When watershed events like demonetisation and the COVID-19 pandemic occur, the common element is a forced shift in our human way of living, which causes an automatic change in behaviours. In coping with such severe circumstances, we seek the easiest options that allow us to continue to live normally. In the last year or so, digital payments have been that option for most people.
Digitisation has enabled and empowered human society, ushering in the future in the experience of our present. This fundamental shift has changed the way people pay, get paid, and donate money.
When the pandemic struck, PayPal went from 72 global offices to 39,000 home offices worldwide. Like companies everywhere, we worked to ensure the safety, health, and productivity of our employees. Once we were confident that our people were properly situated and productive, we turned our focus to the increased demand and relevance of our company and its products as people were forced to stay at home. We went on the offensive and formulated strategies to help maximise digital giving.
Throughout the history of human evolution, money has been created and recreated many times in many places. As it represents the value of a product or service, the concept of money is much older than and goes beyond physical coins and banknotes. Managing money today is like moving electronic data from one device to another, a process that makes it possible for people all over the world to exchange goods and services every second.
But before we discuss the untapped potential of digitisation, while anticipating the unknowns that lie ahead, it will be interesting to look at how we got here.
Electronic money movement is more than five decades old. E-commerce simply popularised it, and made it more accessible, and the pandemic made it essential. But managing and moving money, or for that matter, value, is as old as humankind. The shift from the barter system in the early days to the exchange of shells and gems, to the invention of coinage and currencies, occurred over thousands of years. But human society has continuously been propelled by revolutions in science and industry. Cards were invented less than a hundred years ago, and e-commerce about 25 years ago—very small durations of time in the vast history of evolution of money.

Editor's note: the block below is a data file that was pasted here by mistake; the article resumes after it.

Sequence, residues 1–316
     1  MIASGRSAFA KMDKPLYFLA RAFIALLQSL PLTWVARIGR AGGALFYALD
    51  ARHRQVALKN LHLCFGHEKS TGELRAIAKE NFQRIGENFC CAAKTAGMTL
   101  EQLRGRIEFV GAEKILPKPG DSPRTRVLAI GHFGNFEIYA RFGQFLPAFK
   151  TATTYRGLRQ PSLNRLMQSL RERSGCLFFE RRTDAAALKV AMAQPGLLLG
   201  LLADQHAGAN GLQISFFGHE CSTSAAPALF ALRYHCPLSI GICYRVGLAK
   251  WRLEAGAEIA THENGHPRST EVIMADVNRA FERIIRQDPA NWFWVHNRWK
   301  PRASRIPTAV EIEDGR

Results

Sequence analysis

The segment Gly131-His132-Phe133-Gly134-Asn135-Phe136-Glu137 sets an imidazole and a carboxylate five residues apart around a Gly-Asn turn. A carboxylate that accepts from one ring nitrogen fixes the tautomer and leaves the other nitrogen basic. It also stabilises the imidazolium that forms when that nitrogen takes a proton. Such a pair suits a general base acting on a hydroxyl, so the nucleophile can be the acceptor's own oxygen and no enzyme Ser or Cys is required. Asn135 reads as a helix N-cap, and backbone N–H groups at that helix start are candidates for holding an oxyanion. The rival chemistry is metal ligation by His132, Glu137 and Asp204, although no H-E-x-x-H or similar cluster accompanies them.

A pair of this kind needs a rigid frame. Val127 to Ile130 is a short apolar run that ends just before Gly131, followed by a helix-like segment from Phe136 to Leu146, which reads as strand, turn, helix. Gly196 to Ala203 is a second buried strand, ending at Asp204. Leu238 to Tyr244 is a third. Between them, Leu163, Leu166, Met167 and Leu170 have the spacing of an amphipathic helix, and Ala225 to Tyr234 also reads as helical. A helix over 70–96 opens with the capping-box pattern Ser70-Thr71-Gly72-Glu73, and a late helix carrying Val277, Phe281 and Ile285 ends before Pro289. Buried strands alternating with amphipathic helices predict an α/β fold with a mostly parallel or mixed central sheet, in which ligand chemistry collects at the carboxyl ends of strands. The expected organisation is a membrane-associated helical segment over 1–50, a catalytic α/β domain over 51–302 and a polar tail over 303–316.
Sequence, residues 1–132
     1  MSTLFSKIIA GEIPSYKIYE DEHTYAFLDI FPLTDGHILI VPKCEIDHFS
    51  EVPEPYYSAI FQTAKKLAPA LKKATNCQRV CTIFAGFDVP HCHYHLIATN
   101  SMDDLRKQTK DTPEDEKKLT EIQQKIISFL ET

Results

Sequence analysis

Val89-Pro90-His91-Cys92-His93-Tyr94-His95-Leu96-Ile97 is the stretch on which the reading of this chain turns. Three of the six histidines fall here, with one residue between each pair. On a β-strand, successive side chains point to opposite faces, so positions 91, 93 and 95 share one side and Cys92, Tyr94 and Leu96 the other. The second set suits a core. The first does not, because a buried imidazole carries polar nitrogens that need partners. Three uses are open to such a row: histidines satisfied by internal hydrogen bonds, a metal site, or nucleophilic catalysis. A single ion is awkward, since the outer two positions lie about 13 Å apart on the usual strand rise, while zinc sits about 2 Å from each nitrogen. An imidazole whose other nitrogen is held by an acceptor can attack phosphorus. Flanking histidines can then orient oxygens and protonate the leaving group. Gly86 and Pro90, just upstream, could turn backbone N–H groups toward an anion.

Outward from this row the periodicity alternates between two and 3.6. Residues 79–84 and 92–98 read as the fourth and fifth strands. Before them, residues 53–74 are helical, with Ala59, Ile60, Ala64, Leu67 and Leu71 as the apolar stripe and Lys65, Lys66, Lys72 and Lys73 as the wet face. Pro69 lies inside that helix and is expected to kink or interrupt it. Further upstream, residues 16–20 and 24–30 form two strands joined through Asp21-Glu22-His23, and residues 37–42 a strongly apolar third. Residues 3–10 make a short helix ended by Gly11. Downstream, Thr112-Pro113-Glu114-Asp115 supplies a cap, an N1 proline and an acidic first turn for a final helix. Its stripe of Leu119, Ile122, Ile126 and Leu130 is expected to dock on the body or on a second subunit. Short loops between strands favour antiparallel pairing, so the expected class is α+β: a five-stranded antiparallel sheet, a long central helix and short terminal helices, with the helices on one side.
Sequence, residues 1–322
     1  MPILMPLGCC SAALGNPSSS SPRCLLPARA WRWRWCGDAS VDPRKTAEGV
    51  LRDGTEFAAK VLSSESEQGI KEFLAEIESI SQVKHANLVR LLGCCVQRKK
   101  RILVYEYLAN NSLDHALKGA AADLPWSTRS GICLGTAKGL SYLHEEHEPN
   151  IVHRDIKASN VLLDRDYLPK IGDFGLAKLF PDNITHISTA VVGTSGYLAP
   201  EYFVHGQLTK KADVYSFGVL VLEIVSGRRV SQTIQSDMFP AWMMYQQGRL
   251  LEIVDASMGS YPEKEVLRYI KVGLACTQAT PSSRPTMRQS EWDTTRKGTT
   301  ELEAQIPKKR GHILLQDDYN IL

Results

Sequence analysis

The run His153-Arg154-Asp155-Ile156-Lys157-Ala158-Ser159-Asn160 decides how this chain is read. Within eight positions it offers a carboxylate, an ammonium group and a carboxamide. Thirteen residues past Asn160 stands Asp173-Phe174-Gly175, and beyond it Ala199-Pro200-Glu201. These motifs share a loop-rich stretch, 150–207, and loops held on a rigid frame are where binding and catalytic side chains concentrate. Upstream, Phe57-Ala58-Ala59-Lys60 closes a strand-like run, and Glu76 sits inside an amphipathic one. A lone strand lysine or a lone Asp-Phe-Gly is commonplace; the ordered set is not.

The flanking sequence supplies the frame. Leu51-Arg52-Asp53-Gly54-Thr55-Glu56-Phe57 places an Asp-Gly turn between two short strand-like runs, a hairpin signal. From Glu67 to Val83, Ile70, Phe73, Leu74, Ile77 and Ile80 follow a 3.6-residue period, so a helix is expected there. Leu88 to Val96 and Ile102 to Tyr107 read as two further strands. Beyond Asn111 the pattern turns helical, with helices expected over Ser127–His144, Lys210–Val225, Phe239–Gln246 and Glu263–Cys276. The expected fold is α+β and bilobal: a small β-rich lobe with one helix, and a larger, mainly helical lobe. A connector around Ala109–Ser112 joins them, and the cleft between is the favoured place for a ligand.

These inventions became widespread and inspired more developments, and the adoption of mobile technology accelerated things faster than previously imagined. In the world of payments, the future is already here, but it is not equally distributed. Some regions may be more ahead than others in their journey to digital, as cash is still an important part of many economies. But the physical form of cash now emerges as the biggest carrier and transmitter of the very thing that has kept us locked up for more than a year. In that sense, digital payments are no longer just a matter of convenience, security, or ubiquity, but a matter of health.
Over the next decade, we can expect to see a rise in digitisation in the contexts where we manage and move money. The world of payments will see further acceleration, but it is going to be a world that is more inclusive than it has been in the past. Digital payments will continue to grow in their reach, acceptance, safety, and convenience.
In the early cycle of innovation, several products and services are introduced by unique players, all of whom try to create their own exclusive value propositions. This is a very healthy prospect for the customer, as it gets them the best value. But as these paradigms mature, you see the convergence of technologies and services.
Just like in the physical world where people carry one wallet with multiple financial and loyalty instruments, they will begin to carry a single wallet in the digital world. A single unified digital wallet that can hold multiple financial instruments for use in different places, and that will maximise the reach of people’s money for the things that they desire.
The best way to term this would be “pragmatic convergence”—through deduplication, mergers and acquisitions—where companies will become one over time. We’ve seen this happen in the banking industry. A quick look at the history of banks in the western world over the last 50 years reveals that there were more than 50 banks. Today, there are four main ones.